Bush tucker and big dreams for Bininj entrepreneurial CDU student

Charles Darwin University

Territorian and Charles Darwin University (CDU) student Ben Tyler is inspiring his mob and other First Nations businesses to reclaim the native food industry in Australia with his business endeavour, Kakadu Kitchen.

Mr Tyler grew up on his Mother, Jessie Alderson’s Murumburr country in central Kakadu learning about Bininj culture and bush foods from his Kakadu family.

The Bininj entrepreneur founded bush food brand Kakadu Kitchen in 2017 after being inspired by observing what was on his Mum’s community kitchen table.

By drawing inspiration from bush tucker, local community garden produce and commercial retail products – the idea of creating healthy products that champion local produce and bush food was born.

Mr Tyler has since experimented over the years with combining native ingredients foraged from the 20,000 square kilometre tropical food garden kitchen that is Kakadu.

Currently, Kakadu Kitchen is developing a range of products including Kakadu bush tucker infused alcohol-free spirits in collaboration with Willing Distillery and a range of First Nations branded bottled waters in collaboration with Refresh Darwin with support from Kakadu Tourism.

The Kakadu Kitchen Spring Water range is sourced from Acacia Hills on beautiful Wulna country. The water range is available at the Crocodile Hotel in Jabiru and Cooinda Lodge in Kakadu, and Adina Vibe Darwin Waterfront.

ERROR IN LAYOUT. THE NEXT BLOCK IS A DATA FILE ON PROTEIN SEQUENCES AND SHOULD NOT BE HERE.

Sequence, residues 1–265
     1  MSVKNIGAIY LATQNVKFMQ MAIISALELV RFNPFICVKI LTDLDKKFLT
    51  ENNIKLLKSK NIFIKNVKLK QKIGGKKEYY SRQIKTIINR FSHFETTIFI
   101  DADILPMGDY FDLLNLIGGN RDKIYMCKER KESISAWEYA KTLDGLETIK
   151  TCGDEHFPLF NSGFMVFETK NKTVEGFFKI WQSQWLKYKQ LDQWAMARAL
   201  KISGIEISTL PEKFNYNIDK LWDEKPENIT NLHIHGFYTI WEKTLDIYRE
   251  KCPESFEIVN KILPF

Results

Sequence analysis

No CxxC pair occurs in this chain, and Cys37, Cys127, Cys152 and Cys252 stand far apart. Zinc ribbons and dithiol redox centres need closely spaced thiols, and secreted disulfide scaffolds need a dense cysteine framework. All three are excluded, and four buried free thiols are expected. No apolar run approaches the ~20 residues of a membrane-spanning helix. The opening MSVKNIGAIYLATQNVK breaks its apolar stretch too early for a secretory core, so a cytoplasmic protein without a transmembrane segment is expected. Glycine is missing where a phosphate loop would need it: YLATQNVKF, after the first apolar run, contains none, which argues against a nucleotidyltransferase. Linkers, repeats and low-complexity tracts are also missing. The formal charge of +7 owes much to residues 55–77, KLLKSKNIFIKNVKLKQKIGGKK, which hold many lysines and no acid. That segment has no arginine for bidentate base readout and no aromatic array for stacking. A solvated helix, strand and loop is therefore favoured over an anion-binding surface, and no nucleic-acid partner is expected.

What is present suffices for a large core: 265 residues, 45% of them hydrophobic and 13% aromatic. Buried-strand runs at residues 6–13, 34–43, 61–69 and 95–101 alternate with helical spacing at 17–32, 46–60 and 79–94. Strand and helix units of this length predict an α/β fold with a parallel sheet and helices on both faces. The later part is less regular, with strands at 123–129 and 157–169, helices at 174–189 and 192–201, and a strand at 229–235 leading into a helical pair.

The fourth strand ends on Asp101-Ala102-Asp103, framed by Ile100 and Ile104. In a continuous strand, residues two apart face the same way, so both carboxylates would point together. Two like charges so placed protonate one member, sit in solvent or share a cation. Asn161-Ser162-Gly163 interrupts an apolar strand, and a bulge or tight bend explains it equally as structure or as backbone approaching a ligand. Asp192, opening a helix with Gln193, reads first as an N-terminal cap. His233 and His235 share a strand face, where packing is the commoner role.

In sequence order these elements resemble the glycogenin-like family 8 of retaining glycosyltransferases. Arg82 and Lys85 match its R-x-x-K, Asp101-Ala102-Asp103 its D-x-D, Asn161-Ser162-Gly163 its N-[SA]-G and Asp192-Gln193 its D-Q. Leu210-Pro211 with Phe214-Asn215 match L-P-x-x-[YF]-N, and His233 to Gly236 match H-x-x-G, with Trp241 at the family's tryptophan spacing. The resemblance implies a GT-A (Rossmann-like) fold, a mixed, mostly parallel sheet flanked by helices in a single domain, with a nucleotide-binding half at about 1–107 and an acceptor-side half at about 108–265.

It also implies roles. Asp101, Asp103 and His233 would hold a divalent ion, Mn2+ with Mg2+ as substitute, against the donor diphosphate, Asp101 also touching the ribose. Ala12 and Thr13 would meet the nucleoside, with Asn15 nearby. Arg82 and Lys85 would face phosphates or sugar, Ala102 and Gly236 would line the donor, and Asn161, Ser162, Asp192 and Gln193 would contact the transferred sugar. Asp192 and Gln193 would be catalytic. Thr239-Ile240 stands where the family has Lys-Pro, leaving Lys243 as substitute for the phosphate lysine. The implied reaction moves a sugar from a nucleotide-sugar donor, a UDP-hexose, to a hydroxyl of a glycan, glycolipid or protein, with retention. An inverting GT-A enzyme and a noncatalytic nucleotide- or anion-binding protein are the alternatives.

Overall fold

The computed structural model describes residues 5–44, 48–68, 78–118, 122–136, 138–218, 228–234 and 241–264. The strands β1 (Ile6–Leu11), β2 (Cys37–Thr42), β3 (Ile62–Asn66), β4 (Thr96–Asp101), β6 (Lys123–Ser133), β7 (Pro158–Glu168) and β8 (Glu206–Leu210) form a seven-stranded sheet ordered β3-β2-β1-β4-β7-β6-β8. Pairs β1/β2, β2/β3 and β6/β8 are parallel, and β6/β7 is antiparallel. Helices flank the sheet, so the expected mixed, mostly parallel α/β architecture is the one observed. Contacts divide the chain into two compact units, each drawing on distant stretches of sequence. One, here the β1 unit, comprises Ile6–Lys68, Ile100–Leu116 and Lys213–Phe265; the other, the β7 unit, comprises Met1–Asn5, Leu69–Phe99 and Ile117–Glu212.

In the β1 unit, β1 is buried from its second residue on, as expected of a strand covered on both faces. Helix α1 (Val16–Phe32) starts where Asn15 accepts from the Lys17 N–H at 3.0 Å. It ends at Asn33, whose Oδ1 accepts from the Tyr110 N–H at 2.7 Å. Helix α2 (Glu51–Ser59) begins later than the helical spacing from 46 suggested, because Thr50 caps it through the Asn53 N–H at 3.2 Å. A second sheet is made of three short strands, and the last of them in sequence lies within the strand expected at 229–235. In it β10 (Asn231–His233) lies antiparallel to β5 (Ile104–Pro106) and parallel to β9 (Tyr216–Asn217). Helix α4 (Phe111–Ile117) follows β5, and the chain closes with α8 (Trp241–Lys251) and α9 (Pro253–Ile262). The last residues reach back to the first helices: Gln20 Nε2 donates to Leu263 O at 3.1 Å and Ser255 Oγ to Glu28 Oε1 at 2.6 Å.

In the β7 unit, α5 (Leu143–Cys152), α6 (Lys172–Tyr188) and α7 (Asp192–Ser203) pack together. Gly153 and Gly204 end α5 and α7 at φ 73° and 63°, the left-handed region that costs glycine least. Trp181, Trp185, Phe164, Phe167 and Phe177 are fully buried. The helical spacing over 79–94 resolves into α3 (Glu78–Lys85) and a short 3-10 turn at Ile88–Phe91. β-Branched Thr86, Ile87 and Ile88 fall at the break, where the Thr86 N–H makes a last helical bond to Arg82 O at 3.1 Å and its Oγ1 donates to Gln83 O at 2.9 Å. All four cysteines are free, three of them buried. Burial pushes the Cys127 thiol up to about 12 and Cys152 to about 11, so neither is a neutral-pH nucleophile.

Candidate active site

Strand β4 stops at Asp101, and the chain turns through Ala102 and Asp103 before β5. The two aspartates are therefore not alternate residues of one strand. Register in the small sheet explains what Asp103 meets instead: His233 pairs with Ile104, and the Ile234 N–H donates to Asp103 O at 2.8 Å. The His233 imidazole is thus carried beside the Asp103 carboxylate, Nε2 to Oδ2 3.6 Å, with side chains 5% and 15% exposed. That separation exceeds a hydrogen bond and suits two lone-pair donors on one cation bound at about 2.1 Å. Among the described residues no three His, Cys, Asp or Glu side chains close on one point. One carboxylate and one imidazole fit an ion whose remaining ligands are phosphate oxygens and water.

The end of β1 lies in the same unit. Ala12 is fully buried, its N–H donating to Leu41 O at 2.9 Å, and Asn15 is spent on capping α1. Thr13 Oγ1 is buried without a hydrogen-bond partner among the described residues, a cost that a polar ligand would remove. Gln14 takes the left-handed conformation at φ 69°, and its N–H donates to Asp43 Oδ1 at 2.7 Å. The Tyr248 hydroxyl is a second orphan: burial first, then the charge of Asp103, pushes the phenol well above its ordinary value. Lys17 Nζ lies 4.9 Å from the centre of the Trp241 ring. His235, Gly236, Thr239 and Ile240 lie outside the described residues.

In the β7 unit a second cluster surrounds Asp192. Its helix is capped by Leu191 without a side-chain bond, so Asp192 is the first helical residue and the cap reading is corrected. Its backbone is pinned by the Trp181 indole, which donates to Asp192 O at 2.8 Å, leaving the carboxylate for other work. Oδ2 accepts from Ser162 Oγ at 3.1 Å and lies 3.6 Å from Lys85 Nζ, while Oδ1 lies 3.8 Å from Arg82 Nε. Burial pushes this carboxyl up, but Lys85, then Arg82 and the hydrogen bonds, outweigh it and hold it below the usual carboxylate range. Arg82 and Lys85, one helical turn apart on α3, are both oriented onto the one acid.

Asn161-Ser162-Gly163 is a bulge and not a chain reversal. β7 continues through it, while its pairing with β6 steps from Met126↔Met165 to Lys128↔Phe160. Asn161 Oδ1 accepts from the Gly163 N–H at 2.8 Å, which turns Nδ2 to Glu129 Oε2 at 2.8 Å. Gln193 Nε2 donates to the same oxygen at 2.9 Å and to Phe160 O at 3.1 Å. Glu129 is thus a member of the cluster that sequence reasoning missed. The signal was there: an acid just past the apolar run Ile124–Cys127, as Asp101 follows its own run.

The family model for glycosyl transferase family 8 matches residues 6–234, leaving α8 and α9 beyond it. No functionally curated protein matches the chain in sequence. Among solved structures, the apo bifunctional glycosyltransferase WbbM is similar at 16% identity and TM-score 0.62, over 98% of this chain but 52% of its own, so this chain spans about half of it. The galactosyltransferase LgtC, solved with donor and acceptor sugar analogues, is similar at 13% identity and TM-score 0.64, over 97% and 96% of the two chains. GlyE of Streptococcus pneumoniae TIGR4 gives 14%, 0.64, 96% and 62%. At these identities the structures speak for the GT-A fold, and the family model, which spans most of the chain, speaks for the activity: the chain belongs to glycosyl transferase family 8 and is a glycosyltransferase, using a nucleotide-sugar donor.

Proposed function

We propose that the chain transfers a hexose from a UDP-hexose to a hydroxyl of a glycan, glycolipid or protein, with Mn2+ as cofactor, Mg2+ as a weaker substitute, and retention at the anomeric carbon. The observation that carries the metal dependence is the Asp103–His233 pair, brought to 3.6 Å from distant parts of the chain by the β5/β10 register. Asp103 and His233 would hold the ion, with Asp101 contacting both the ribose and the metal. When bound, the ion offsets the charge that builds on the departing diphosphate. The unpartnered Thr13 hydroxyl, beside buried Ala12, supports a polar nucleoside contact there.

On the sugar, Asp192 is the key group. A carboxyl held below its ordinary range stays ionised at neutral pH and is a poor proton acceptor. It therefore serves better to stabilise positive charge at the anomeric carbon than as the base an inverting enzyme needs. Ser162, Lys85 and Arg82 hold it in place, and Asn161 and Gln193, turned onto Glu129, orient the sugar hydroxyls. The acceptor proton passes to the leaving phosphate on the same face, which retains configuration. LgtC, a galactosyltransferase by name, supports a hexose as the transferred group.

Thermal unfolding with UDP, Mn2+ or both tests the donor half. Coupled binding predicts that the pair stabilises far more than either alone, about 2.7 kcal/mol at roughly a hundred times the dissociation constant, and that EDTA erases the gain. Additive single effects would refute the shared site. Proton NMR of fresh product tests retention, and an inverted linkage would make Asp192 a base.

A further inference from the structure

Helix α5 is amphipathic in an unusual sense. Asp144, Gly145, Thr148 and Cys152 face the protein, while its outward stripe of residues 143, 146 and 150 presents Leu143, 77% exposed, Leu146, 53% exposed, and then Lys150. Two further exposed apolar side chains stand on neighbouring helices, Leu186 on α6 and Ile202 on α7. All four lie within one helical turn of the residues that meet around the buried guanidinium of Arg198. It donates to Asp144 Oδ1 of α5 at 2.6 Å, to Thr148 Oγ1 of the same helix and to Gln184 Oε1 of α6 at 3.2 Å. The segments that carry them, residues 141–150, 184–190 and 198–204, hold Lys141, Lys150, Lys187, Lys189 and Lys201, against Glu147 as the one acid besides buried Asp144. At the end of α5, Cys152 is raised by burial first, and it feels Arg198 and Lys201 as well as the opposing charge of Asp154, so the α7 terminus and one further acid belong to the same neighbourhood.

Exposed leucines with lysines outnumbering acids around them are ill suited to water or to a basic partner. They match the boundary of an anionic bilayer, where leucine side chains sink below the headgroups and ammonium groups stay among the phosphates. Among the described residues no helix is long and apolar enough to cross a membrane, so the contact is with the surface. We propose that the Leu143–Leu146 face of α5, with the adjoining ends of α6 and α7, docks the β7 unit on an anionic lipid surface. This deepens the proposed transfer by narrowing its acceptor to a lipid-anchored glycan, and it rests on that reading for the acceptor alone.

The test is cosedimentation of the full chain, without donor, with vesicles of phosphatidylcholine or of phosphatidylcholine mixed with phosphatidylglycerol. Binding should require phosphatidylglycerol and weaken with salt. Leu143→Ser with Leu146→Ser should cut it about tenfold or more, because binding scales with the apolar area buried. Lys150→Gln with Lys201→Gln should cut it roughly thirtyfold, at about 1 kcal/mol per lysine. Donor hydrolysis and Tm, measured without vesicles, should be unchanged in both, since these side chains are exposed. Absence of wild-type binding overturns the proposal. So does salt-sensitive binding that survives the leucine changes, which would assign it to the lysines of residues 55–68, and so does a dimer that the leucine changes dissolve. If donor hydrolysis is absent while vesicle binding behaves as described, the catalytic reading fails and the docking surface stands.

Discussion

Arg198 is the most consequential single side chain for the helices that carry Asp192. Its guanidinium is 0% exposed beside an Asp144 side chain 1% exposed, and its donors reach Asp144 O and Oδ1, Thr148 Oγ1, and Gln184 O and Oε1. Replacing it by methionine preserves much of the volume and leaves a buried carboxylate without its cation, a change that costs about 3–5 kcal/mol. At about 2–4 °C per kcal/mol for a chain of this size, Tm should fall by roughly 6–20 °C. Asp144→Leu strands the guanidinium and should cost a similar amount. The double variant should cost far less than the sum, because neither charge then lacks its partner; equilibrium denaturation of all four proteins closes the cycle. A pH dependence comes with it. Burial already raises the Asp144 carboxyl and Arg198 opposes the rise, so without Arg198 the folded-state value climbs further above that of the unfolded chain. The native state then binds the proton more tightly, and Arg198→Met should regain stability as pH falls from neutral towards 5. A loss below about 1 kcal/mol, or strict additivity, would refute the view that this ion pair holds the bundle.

Always looking to fill knowledge gaps to help his business succeed, Mr Tyler is studying a Bachelor of Business at CDU, majoring in both International Management and Logistics and Entrepreneurship and Innovation.

“The course is teaching me different things at different times like pitching a business concept in entrepreneurship to basics in marketing,” Mr Tyler said.

“I loved the whole process of learning how to pitch, working on business models, figuring out solutions to problems—they’re all really helpful skills to have in business.

“I have also developed business plans for the future and the course has helped to connect me with important mentors and growth experts to help me achieve my business goals.”

Mentors like Mr Tyler’s lecturer, Ulrike, have helped Mr Tyler shape his business and provided real life business learnings and application beyond the classroom environment.

Mr Tyler has grand plans to establish Kakadu Kitchen’s alcohol-free distillery in Darwin and next year and develop scalable and sustainable vertical farms to help communities grow bush tucker on country or anywhere in the world.

CDU Entrepreneurship Lecturer and Course Coordinator for the Bachelor of Business Dr Ulrike Kachel said Ben’s story is an inspiration to all students looking to start their own business.

“When he joined my entrepreneurship unit in his first semester, it quickly became evident that when it comes to start-up ideas, he was very creative and innovative,” Dr Kachel said.

“Ben is a role model not just for his community but also for other students and I feel privileged to be able to provide some business mentoring.”

The Entrepreneurship and Innovation major is one of three majors in CDU’s Bachelor of Business program. F

/Public Release.